Death Penalty Sought In Killing Of Saudi Journalist

The Guardian reports:

Saudi Arabia’s top prosecutor is recommending the death penalty for five suspects charged with ordering and carrying out the killing of Saudi writer Jamal Khashoggi, in a move that appears designed to protect the country’s powerful crown prince Mohammed bin Salman.

A spokesman for Saudi Al-Mojeb told journalists in a rare press conference in Riyadh on Thursday that Khashoggi’s killers had set in motion plans for the killing on 29 September, three days before he was killed inside the kingdom’s consulate in Istanbul. Prince Mohammed was not implicated in the murder, he added.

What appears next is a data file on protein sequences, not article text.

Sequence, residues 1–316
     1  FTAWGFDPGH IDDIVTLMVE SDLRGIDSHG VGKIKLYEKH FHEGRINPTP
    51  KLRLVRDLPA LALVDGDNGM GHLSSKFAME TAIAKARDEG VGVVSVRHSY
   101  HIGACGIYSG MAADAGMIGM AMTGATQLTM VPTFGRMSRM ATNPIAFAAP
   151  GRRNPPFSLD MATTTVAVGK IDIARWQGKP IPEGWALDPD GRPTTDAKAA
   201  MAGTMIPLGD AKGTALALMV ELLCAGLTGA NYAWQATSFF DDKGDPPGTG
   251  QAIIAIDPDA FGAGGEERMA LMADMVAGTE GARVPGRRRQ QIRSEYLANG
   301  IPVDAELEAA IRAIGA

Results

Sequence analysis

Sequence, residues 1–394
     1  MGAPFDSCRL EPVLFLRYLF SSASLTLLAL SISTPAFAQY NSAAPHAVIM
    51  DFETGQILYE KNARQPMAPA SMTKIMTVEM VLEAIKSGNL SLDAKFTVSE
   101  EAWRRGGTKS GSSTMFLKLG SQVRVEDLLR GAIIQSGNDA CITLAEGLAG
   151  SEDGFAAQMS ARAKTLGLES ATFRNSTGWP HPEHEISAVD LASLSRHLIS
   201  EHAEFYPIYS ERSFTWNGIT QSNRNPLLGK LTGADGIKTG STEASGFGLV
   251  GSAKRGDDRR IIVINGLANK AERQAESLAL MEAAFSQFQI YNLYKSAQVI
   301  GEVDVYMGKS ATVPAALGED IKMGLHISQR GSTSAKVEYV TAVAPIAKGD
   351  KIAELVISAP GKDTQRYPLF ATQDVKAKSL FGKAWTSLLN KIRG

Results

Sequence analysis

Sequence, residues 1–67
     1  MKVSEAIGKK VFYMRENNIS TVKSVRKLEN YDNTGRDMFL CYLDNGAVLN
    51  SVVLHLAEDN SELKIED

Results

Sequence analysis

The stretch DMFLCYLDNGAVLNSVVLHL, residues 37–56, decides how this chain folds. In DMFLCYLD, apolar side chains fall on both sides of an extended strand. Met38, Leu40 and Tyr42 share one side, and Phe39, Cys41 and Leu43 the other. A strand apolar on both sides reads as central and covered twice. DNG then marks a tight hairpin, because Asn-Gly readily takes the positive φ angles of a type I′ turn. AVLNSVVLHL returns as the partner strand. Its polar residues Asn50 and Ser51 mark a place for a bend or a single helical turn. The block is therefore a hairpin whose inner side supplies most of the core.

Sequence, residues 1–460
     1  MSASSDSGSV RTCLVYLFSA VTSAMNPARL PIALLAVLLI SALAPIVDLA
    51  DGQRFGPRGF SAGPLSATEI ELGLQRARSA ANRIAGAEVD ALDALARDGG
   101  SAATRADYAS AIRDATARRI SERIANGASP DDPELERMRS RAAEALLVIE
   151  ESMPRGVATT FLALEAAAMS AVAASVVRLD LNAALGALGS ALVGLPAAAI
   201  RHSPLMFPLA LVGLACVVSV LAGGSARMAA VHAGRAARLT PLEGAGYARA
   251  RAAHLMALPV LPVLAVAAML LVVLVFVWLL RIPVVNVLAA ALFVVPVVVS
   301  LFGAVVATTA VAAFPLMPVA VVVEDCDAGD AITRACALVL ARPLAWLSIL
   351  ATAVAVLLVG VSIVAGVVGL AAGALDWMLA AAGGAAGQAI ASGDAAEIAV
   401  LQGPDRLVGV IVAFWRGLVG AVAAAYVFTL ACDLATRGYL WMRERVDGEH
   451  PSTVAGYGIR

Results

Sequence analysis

An official statement published by state news agency SPA said that a total of 21 individuals were in custody in connection with the killing, 11 of whom have been indicted with investigations to continue into the others.

The BBC reports:

The dissident writer was given a lethal injection after a struggle with agents in the Saudi consulate in Istanbul on 2 October, a spokesman told reporters. Khashoggi’s body was then dismembered and taken out of the building, he said.

“[The crown prince] did not have any knowledge about it,” he added. Critics of Prince Mohammed, the son of King Salman and Saudi Arabia’s de facto ruler, believe it is highly unlikely he would not have been aware of the operation.

Several of the 21 people arrested over the murder have been seen in his security detail in the past. Two top advisers have also been sacked over the incident.